Rear Window: Age of Achievement: When Britain was Great and France was jealous

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The Independent Online
'POSTERITY,' wrote Voltaire, 'will very possibly be surprised to hear that an island whose only produce is a little lead, tin, fuller's-earth and coarse wool should become so powerful by its commerce as to be able to send in 1723 three fleets at the same time to three different and far distanced parts of the globe.'

The island in question was Britain, by then already a naval force to be reckoned with. Writing in 1733, Voltaire apparently imagined a future time when it would seem incongruous to the French that Britain could ever have been a great power. He did not say how far distant that time might be, but perhaps it has finally arrived, after 261 years.

In Paris last week, the French Institute for International Relations produced a survey of world affairs which included a lengthy 'British dossier' that painted the picture of a country bypassed by history.

To study Britain, said the Institute, was to study decline. Beset by desperate economic and social problems, the British could think only of cheap sex scandals and empty political infighting. They turned their backs on Europe but failed to recognise that the United States no longer valued their friendship. Education and learning were so badly neglected that the country had slipped far behind its rivals, and even the current economic recovery had served only to highlight British shortcomings and hypocrisy.

Voltaire's England could hardly have been more different in character; indeed he was so impressed that he was even prepared to praise the English above his own countrymen: 'The French are of so flexible a disposition . . . that the monarch needs but command and he is instantly obeyed. The English generally think, and learning is had in greater honour among them than in our country.'

He wrote from first-hand knowledge, having spent more than two years in London, in 1726-28, during which he met Alexander Pope, Jonathan Swift and John Gay, was presented to George I and Sir Robert Walpole, attended the theatre often and mastered the language well enough to swear 'bloodily' (according to a friend) and write several literary works in English.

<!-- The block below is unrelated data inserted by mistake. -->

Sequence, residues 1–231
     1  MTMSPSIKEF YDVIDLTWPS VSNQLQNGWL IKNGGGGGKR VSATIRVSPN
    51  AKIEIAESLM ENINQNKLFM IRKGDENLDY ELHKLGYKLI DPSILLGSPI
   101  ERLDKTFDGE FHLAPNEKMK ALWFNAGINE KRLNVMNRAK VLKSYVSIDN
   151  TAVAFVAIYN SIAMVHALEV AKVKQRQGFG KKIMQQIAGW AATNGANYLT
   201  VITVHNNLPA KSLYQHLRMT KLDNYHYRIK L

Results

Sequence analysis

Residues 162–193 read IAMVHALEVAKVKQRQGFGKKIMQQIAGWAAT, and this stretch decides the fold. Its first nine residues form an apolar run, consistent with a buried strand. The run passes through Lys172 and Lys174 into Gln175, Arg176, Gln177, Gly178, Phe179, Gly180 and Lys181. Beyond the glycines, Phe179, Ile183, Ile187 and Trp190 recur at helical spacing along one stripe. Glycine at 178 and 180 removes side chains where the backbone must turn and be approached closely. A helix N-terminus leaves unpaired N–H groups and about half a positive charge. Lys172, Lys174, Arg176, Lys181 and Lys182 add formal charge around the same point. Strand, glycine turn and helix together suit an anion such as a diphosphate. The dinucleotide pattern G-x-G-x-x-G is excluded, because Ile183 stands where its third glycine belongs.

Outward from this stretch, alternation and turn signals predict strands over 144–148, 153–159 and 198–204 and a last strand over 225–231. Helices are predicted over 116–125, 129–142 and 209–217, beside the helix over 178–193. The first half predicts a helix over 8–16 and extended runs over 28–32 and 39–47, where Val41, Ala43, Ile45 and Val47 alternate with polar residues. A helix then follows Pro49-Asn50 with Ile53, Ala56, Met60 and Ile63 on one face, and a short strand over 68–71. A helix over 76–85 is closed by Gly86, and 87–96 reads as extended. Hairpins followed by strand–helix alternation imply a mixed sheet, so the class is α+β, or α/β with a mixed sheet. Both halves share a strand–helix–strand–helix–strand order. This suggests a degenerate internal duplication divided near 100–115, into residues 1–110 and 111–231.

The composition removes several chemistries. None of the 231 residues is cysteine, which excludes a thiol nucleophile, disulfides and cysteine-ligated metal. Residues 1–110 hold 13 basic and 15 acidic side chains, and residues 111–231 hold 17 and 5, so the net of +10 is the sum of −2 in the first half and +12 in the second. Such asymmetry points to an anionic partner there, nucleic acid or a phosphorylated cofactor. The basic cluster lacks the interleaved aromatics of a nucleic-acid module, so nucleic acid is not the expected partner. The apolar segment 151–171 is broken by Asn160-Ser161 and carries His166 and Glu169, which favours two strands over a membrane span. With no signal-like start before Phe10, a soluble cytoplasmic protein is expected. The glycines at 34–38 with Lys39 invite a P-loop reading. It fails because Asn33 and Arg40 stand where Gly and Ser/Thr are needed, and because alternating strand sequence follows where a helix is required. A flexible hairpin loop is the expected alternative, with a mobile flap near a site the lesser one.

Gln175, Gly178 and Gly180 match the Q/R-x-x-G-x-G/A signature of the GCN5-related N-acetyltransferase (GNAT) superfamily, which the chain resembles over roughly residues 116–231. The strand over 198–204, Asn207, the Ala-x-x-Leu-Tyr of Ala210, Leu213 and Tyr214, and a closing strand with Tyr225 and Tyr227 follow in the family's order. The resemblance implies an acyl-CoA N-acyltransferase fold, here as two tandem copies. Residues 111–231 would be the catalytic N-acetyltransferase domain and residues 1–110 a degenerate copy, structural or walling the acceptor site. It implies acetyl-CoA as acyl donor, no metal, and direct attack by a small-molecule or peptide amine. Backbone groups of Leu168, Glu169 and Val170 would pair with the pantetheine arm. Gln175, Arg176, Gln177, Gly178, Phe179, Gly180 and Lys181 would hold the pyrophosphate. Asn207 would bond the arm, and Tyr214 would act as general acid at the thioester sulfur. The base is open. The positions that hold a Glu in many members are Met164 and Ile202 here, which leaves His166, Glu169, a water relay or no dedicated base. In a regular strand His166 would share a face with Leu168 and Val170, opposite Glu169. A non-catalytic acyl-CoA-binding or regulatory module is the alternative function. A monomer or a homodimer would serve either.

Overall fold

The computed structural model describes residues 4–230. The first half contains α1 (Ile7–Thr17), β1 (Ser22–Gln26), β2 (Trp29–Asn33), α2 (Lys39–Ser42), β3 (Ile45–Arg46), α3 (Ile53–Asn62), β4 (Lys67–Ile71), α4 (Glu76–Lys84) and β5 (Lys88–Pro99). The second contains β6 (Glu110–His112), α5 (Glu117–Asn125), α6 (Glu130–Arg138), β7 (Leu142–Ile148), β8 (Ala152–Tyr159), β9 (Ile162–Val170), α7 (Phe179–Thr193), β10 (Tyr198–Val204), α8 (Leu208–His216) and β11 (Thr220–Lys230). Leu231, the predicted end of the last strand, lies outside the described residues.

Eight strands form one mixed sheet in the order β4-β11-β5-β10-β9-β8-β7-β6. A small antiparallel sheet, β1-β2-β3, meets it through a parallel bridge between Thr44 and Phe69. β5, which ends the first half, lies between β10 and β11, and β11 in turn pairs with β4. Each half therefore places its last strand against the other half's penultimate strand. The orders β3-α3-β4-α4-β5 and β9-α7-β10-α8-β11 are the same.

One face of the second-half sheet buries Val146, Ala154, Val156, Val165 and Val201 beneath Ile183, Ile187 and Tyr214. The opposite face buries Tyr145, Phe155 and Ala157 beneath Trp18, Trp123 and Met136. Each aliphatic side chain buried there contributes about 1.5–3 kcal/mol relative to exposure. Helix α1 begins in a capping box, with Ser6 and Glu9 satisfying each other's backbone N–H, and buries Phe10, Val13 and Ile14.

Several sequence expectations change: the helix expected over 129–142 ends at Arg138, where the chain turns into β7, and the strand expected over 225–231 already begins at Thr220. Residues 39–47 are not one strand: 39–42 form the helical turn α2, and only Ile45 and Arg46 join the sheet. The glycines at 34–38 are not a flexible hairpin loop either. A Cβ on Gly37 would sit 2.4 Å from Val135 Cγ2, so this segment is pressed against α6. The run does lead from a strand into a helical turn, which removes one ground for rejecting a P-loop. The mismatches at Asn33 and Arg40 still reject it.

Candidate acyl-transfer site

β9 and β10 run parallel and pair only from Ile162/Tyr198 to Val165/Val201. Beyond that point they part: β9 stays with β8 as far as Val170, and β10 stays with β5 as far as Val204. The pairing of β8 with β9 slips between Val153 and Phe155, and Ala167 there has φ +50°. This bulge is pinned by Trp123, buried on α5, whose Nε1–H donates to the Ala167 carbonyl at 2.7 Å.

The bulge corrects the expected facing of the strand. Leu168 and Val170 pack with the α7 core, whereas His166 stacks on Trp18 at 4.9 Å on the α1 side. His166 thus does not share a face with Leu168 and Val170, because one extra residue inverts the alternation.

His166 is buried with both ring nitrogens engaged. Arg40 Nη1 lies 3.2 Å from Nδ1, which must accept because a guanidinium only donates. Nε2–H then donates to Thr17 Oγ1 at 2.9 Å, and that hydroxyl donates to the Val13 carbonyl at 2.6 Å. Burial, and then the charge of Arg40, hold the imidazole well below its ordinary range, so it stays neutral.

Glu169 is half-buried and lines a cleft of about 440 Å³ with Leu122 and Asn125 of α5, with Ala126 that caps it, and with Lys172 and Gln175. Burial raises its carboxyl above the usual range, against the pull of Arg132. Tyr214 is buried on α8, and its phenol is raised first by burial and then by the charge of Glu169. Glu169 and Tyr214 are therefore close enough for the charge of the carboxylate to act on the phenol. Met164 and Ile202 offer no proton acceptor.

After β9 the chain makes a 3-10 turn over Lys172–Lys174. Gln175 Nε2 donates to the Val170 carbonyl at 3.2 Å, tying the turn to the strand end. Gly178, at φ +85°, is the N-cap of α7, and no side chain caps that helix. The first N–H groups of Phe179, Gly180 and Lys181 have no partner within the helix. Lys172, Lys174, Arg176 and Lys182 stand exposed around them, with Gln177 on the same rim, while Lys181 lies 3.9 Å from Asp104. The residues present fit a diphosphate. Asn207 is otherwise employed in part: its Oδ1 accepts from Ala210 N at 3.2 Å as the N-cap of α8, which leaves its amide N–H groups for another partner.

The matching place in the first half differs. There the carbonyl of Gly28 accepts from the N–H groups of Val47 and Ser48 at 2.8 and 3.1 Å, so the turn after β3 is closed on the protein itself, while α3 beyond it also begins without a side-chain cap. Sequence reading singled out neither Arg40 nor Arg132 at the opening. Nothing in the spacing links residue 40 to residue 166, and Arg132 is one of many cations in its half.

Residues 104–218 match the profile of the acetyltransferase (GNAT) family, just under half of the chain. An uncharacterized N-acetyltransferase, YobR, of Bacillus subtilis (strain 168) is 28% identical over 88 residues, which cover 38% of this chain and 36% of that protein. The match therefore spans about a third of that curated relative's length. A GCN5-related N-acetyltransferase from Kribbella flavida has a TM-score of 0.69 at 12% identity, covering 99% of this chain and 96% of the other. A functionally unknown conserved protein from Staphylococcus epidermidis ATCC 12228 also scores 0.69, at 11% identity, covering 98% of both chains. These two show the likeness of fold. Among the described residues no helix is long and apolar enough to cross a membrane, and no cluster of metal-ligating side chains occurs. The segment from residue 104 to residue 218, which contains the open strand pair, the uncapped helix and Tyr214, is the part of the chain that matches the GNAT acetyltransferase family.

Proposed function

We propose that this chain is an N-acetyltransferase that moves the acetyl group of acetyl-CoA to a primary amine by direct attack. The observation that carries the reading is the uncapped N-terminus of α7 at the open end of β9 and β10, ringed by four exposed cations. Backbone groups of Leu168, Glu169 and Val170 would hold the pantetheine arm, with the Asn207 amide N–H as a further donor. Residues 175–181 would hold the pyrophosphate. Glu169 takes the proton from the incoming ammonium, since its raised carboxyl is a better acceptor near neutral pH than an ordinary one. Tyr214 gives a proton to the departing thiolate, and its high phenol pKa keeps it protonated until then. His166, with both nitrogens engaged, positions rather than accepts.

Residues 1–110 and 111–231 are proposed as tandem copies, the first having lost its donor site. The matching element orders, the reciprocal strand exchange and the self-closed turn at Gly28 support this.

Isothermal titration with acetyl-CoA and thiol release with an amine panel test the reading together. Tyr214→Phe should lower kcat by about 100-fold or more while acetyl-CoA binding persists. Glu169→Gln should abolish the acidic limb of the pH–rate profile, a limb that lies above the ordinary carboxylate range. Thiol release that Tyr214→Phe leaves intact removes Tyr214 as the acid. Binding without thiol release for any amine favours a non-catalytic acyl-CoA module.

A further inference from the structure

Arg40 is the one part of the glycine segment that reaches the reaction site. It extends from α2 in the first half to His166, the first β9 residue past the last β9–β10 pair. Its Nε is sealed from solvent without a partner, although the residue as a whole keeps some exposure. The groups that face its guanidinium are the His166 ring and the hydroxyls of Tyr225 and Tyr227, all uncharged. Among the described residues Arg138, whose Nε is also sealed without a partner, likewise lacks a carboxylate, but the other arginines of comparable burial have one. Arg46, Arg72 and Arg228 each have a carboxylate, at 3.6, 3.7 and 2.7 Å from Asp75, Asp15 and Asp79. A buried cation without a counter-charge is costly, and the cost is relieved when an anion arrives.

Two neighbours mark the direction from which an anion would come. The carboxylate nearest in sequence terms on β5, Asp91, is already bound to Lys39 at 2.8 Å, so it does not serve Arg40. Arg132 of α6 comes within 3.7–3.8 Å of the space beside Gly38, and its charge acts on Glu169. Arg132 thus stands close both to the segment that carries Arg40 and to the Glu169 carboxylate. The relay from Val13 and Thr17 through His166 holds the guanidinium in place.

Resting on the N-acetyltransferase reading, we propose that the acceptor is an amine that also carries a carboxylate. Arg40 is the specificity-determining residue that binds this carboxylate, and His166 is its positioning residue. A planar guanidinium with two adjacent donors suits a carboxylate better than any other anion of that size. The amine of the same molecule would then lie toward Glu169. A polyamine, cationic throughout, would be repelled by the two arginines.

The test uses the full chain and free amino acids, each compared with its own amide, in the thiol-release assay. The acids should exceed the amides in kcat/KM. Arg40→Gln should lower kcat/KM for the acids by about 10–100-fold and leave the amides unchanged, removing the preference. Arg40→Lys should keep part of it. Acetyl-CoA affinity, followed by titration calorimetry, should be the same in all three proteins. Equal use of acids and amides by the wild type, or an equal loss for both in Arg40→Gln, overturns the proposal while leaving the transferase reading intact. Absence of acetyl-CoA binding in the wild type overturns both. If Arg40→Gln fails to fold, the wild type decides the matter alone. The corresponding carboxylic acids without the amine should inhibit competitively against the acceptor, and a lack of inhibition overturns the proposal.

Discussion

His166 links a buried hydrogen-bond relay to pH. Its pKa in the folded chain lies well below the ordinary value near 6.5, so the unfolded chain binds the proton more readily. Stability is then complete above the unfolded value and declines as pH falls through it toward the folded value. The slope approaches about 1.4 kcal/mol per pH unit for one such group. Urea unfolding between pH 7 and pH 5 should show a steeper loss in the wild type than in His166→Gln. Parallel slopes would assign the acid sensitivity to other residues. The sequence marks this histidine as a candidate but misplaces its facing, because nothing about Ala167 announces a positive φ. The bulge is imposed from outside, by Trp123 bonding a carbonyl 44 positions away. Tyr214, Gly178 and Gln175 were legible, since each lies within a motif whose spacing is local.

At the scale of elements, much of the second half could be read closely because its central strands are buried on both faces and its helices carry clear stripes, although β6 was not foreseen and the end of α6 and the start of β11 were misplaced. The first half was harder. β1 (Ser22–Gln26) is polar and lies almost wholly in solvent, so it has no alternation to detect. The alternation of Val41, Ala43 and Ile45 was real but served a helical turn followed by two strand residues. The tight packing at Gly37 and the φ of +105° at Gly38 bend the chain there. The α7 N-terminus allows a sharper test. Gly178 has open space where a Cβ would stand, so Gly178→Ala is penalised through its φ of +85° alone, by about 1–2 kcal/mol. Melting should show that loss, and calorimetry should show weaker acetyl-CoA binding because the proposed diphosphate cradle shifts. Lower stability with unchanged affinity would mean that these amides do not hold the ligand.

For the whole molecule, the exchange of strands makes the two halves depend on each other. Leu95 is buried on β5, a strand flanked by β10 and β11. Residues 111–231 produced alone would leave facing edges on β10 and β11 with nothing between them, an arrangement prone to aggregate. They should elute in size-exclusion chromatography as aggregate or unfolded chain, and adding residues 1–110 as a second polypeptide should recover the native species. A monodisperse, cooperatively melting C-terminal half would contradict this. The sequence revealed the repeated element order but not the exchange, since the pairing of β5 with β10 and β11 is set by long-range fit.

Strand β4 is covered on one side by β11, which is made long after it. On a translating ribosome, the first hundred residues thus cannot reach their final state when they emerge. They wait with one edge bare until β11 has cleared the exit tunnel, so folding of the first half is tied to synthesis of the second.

He came to publish an epic poem on French history, entitled La Henriade, which he thought would land him in trouble if produced in France. England was then, to many in on the Continent, a land of liberty and a refuge from autocratic monarchs. When Voltaire published his Letters Concerning the English Nation some years later he found no reason to depart from that view.

'The English,' he wrote, 'are the only nation who have been able to prescribe limits to the power of kings by resisting them; and who by a series of struggles have at last established that wise government where the Prince is all-powerful to do good and at the same time is restrained from committing evil; where the nobles are great without insolence . . . and where the people share in the government without confusion.'

The tax arrangements are such that 'no one is tyrannised over, and everyone is easy. The feet of the peasants are not bruised by wooden shoes; they eat white bread, are well clothed and are not afraid of increasing their stock of cattle nor of tiling their houses, from any apprehension that their taxes will be raised the year following.'

Voltaire was particularly impressed by English prowess in trade, which he thought tended to increase liberty and engender tolerant attitudes. 'Take a view of the Royal Exchange in London,' he urged, '. . . where the representatives of all nations meet for the benefit of mankind. There the Jew, the Mahometan and the Christian transact together as though they all professed the same religion and give the name of Infidel to none but bankrupts.'

He found his English hosts - even the nobility - attached to learning and science. A discussion of the ideas of Isaac Newton, whose funeral he witnessed in 1727, fills much of the Letters. Newton and Descartes are compared, broadly to the advantage of the Englishman.

Voltaire could, however, be critical. Shakespeare, he said, may have been a genius, but he 'had not so much as a single spark of good taste, or knew one rule of the drama'.

And he could be wrong: 'The English,' he wrote, 'are not fired with the splendid folly of making conquests, but would only prevent their neighbours from conquering. They are not only jealous of their own liberty, but even of that of other nations.' Within 30 years India, Canada and countless other distant lands had been conquered, and the British Empire was born. But that, as the French Institute would undoubtedly point out today, is history.

(Photographs omitted)